Case Study Multimedia in Fashion

 
Print Friendly, PDF & Email

Using DMU Replay for studio and workshops in Fashion

A  sample video clip showing demonstration and recording in the studio

Summary
This year a new set up of the equipment in some of the studios has really made the learning experience more inclusive for students.

DMU Replay has been used quite extensively already and in novel ways in Fashion.  Last year the recording and other equipment worked well but this new set-up provides more options, particularly with detail.

The studio equipment previously included the use of visualiser installed on the ceiling above the sewing machines.    This worked well in projecting onto the screen, but there were little niggles and it was sometimes difficult to record exactly what was needed. This year the cameras, microphones and set up of equipment has been rearranged, making  classes and follow-up more effective for both students and tutors.

 

Project Lead
Heini Taskula
School of Fashion
Faculty of Arts, Design & Humanities
BA Fashion
Email: DMU Fashion
Objectives and Approach
Pedagogical Context

The studio is set up with Heini’s machine at the front near the whiteboard. Typically students would be working, one at each machine, in rows facing the front. Students need to be able to see clearly what are sometimes very detailed techniques and to be able to listen to Heini’s spoken descriptions of what she is doing. As the workshop is flat rather than tiered, some students may be seated several rows away.

  Heini in the studio with sewing machines

What is made possible with the equipment?

With the newly fitted equipment, the Whiteboard displays very clearly what Heini is doing and the microphone helps students to walk through the task with the tutor. At the same time Heini uses DMU Replay to record the whole session, so that it can be made available for students to watch back at any time.

Equipment and setup

The Equipment includes a headset with microphone, enabling the tutor to focus less on pinning on a portable microphone.  This also picks up the voice clearly, rather than any machine noise.

The camera is pointed at the sewing machine; it is suspended in position using a wire support (installed especially).  The camera image is displayed on the large whiteboard.

Replay is set to record the microphone. The secondary source is set as the camera. This just makes it a little more flexible for editing the recordings – although the videos are not normally edited at all but show the live capture of the demonstration.

The recordings are then made available for students in Blackboard.

Tips for Practice: Heini advises that because the camera is so finely focused you need to make sure as you are working that you don’t accidentally let your hand hide what you are doing – on occasions it’s necessary to pause and manoeuvre the camera a little.  The camera can also get quite hot at times.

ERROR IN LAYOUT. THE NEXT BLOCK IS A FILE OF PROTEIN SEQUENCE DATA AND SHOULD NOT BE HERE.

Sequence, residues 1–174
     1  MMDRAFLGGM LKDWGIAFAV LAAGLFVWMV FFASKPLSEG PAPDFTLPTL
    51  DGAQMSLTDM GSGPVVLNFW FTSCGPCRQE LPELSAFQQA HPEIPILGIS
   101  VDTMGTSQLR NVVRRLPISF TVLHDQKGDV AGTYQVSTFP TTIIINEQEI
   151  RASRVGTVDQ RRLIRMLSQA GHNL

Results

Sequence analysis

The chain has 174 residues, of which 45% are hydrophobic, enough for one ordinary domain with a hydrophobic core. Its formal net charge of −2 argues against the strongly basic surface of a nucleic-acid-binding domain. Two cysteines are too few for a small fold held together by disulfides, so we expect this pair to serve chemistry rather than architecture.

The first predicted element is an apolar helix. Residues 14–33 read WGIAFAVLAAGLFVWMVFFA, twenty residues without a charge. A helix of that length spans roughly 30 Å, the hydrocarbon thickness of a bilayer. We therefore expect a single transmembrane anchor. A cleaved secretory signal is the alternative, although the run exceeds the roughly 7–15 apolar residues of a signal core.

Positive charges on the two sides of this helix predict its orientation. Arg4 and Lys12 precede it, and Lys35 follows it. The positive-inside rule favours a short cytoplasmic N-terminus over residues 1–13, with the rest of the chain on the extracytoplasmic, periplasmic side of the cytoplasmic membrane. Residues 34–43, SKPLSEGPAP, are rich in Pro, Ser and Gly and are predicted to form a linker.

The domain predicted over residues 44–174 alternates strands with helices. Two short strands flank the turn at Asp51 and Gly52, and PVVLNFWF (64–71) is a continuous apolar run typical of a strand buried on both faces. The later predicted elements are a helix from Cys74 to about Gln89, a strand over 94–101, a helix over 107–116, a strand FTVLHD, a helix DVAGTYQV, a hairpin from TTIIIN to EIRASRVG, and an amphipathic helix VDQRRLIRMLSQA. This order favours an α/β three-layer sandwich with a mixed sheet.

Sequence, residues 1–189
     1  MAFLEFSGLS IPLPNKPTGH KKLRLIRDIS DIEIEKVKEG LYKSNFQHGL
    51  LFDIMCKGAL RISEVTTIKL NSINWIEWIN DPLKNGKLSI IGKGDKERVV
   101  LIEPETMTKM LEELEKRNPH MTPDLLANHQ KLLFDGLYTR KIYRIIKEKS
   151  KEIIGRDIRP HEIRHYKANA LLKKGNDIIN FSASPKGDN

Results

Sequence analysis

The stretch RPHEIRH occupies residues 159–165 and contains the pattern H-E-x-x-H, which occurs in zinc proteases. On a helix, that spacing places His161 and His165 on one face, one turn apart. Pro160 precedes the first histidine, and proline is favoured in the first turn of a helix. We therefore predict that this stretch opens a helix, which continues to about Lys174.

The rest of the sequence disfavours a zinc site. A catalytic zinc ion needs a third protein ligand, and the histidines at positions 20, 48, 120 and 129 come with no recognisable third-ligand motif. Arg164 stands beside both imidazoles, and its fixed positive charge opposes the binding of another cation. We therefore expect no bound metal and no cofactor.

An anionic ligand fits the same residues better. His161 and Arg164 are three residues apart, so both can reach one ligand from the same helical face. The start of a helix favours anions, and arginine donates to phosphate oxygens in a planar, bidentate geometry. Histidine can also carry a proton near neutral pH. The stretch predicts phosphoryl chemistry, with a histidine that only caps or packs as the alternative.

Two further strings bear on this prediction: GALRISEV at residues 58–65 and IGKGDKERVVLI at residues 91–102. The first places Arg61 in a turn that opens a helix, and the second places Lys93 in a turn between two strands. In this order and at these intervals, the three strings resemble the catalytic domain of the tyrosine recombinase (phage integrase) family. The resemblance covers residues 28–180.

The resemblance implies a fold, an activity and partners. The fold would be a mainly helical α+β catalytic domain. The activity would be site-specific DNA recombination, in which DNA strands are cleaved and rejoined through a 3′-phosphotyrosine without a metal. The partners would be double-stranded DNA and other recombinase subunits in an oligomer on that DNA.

Outcomes
Positive reactions

With the newly installed set up students are able to replay the instructions and watch the application of techniques whenever it suits them, while keeping apace with their peers.  Reactions have been extremely positive, particularly from students in their second and third years as they are able to compare with previous arrangements.

“It’s all really effective and clear. It’s not just if you miss a session, but if you miss part, the whole thing is very clear and you can look back at it whenever you want. Now you can sit at the back and it makes no difference – you can hear clearly and watch detail on the screen, so that you really feel you know exactly what you’re doing”.    Ashleigh Coldwell, BA Fashion Design 2nd year student.

 

 

 

Future Developments
Last year we used a standard visualiser which worked okay but this new set up really provides more options, particularly with detail. Pattern cutting, design and contour fashion are all continually exploring the best ways to arrange and make use of the studio equipment. The positive student reaction to this new arrangement of cameras, microphone and recorders and whiteboard, which enables learning to extend beyond formal studio time, will be useful as tutors look for ways to best suit needs in other studios.

It can be useful to get advice from different sources of support such as ITMS, particularly for the set-up of equipment, or the Centre for Enhancing Learning through Technology for the use of DMU Replay.

 

Links and additional information
For more ad-hoc arrangements staff may borrow from a range of cameras, microphone and tripods from the AVLoans service.For support on DMU Replay see the CELT online hub
CELT Case Studies
If you would like to have your ELT for teaching and learning captured and disseminated in a similar case study, please contact your Faculty ELT Project Officer

This case study was prepared by:
Heather